Ages & Stages; Your developmentally appropriate guide to learning

Ages & Stages; Your developmentally appropriate guide to learning

BY AMIE HANKINSON – GROWING KIND

There is every chance that you are at home with your children due to COVID-19, and you are probably wondering ‘WHAT’ and ‘HOW’ your children should be learning. I have been watching homeschool resources circulate the internet this week (not all good, though with great intentions I am sure) and have been very proactive in sharing my love for ‘hands-on’ learning. Let me say Kindly, worksheets do not have a place in early childhood education.

I truly believe that this is a time for building relationships, patience and compassion and we should be focusing on a safe, predictable and gentle routine. In saying that, I also understand that parents need to feel a sense of ‘control’ right now, in a world where they have lost all control and certainty.

I want to ensure that when children look back on 2020 it is full of beautiful memories with their family, not trauma! So I will continue to share my vision and passion for raising kind, resilient and compassionate children – and I really hope you will join me.

To understand how and why children thrive off hands-on, active learning it’s important to know a few things:
1. How do children brains form?
2. What is developmentally appropriate at each age/ stage?
3. What is the research against early academics and rote learning?

I do not have time or enough words to explain all of these in detail, so will list some suggested readings at the end. 

 

In the most basic explanation ever:

1. How do children brains form?

– Brains are built not born, they require experience to shape and grow

– The brain increases in size, reaching approximately 90% of adult volume by age 6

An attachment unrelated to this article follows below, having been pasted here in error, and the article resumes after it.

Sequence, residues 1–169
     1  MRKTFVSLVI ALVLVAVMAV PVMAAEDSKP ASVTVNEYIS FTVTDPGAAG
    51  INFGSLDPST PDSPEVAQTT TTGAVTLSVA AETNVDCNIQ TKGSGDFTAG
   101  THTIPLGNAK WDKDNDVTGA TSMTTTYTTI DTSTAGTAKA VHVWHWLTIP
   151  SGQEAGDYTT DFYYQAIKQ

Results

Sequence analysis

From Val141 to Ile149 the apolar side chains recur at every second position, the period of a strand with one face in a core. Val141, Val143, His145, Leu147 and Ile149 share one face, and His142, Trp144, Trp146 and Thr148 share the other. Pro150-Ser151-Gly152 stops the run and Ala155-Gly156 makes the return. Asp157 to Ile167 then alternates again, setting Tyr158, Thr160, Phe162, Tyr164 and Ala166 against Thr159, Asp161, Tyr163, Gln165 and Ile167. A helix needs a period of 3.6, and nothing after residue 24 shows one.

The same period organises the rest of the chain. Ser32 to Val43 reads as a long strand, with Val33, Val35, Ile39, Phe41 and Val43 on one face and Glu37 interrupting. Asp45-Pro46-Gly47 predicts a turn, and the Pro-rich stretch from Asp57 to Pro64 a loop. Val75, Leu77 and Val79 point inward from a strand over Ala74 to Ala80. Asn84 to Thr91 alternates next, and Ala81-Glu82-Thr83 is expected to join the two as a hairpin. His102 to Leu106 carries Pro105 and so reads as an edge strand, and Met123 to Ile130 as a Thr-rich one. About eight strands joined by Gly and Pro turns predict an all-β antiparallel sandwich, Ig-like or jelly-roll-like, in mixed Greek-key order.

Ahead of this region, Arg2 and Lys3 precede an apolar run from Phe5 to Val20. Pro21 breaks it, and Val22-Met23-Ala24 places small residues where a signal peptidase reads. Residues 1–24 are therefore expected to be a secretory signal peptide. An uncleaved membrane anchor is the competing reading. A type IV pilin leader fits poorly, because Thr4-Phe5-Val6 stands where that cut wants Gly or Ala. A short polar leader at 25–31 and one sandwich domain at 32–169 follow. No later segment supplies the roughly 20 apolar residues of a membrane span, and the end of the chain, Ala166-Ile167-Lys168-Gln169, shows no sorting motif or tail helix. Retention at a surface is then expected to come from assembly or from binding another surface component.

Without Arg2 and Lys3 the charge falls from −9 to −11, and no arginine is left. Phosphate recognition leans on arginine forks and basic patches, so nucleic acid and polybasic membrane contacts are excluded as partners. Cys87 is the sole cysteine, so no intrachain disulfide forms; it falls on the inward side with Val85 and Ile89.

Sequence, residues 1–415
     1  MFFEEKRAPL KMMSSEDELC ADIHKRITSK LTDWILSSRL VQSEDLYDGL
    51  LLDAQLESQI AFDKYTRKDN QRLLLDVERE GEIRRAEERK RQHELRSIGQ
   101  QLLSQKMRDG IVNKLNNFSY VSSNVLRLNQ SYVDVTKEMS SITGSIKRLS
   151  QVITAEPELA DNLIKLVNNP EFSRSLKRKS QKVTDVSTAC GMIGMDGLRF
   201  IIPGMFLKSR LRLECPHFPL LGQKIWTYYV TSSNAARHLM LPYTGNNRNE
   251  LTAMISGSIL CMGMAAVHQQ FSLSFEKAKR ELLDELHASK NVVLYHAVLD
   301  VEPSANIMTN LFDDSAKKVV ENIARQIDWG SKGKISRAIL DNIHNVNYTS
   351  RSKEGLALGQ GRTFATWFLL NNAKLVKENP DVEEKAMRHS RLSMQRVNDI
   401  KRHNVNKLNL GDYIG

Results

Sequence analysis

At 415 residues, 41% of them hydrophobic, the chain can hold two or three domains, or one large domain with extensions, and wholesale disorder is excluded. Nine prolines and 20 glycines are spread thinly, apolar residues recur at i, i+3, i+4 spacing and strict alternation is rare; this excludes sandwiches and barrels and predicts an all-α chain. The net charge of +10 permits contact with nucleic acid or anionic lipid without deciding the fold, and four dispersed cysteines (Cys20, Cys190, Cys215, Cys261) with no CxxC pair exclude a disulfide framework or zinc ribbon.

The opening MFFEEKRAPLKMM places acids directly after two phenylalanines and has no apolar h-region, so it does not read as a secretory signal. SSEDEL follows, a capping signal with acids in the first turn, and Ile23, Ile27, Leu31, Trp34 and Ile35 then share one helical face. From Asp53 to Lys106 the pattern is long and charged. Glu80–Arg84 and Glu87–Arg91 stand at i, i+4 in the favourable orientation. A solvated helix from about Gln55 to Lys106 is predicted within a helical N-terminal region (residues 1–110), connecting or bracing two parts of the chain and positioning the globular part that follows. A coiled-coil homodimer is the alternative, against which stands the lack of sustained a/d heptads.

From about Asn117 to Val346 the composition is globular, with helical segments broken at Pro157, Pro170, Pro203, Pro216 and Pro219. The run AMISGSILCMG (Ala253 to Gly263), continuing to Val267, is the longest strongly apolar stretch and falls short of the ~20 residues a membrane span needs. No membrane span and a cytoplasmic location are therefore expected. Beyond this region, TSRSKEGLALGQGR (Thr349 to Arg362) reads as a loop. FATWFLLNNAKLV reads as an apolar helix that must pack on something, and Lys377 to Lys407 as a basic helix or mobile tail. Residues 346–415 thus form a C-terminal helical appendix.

– From conception and through childhood profound changes occur in the construction of the brain leading to the emergence of increasingly complex social, emotional, cognitive and motor skills.

– The first 3 years of life are the most important, for most children. By 3.5 years brain development patterns are mostly set (they can be repaired later in life but its not simple)

– The brain develops from the bottom up; survival needs must first be met, then movement needs, then emotional before finally abstract and cognitive processes


2. What is developmentally appropriate at each age/ stage?

An understanding of developmental milestones allows parents to effectively assess children’s play and learning and plan for future learning based on their observations. It is important for parents to know that in Australian early childhood settings, we plan learning in accordance with the Early Years Learning Framework and the United Nations Convention on the Rights of the Child.

“The Convention states that all children have the right to an education that lays a foundation for the rest of their lives, maximises their ability, and respects their family, cultural and other identities and languages. The Convention also recognises children’s right to play and be active participants in all matters affecting their lives.”

The following developmental milestones have been abstracted from the Early Years Learning Framework (EYLF) and are based off typical childhood development.

“Children’s learning is ongoing and each child will progress towards the outcomes in different and equally meaningful ways. Learning is not always predictable and linear. Educators plan with each child and the outcomes in mind.” 

From 0-12 months

This age is complex and constantly evolving –please see milestone document for the breakdown of ages

From 1-2 years

  • walks, climbs and runs
  • takes two to three steps without support, legs wide and hands up for balance
  • crawls up steps
  • dances in place to music
  • climbs onto chair
  • kicks and throws a ball
  • feeds themselves
  • begins to run (hurried walk)
  • scribbles with pencil or crayon held in fist
  • turns pages of book, two or three pages at a time
  • rolls large ball, using both hands and arms
  • finger feeds efficiently
  • begins to walk alone in a ‘tottering way’, with frequent falls
  • squats to pick up an object
  • reverts to crawling if in a hurry
  • can drink from a cup
  • tries to use spoon/fork
  • begins to cooperate when playing